Or probably more likely, he was thinking of his own home and family. Over and over again he has addressed his own children, and pleaded with them to consider wisdom. He had brothers who were fools, and he probably could see tendencies in his sons and daughters.
“A wise son maketh a glad father; but a foolish son is the heaviness of his mother.” Strong says the word “glad” has its roots in “brightness.” When Solomon looked upon certain of his children, a smile would brighten his face. His heart, which had been beaten down by all the cares and problems brought to him that day, would warm with joy and even pride as his eye fell on one of his choicest daughters or sons. Maybe the consideration of two or three of his children, provided him with incentive to go on recording his proverbs. When he knew that someone was listening and the Lord was actually using him among his children, it almost made all of those wives worthwhile. What is the greatest legacy we can leave in this world? Bank accounts, stock portfolios, a house? Our greatest gift – to the world and to ourselves – is children who glorify the Lord. If they are wise in the Lord, even when they are poor in the world, they are rich and parents are rich in them.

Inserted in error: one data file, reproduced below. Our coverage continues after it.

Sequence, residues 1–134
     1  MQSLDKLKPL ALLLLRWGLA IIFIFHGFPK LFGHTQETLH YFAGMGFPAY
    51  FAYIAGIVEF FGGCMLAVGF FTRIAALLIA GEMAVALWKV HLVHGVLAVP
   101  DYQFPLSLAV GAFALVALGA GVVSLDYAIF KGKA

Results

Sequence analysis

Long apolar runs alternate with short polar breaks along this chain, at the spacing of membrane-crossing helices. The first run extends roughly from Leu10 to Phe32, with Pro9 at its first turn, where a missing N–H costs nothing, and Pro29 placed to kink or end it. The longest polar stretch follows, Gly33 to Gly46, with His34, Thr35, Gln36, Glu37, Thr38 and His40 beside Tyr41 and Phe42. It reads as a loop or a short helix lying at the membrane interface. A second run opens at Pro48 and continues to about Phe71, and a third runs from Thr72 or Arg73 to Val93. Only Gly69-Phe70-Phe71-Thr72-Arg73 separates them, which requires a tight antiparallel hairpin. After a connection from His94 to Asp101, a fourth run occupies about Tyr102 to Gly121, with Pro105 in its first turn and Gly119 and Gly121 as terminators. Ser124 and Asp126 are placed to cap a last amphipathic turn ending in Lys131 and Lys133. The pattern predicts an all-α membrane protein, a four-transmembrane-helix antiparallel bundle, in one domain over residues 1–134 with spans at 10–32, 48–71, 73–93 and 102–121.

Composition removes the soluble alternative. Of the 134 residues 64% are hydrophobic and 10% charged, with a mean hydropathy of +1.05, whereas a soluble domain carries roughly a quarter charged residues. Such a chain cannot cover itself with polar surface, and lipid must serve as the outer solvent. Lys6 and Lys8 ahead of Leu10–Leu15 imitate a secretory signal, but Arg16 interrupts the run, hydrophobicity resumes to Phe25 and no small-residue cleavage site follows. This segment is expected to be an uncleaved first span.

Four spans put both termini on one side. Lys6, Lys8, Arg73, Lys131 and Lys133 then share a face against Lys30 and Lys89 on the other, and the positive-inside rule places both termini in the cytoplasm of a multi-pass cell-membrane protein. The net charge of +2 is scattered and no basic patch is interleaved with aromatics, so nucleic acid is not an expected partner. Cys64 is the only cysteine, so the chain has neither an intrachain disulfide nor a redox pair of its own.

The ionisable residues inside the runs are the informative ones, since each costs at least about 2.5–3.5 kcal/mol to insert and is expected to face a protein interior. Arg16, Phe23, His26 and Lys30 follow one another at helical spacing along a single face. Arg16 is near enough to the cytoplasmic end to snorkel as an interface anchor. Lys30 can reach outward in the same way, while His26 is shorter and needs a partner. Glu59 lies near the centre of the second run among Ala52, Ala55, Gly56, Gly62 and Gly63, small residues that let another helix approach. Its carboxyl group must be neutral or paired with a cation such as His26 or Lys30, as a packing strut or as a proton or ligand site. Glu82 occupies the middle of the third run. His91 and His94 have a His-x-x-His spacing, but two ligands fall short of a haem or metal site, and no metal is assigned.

Switching gears, just a bit – do you suppose the Apostle John ever got discouraged in the ministry? There he was, toward the end of his life, exiled from home, living on a small Aegean island. Some might have said his life was a waste; he could have become a wealthy fisherman in Capernaum. But he gave up the good life in order to follow Jesus of Nazareth. Did he ever become discouraged? If he was like the average pastor, I’m sure that he did. But then he thought about certain of his spiritual children – wise in the grace of the Lord. “I have no greater joy than to hear that my children walk in truth” – III John 4. It made John’s heart glad to hear that some of his church members were wise in the Lord.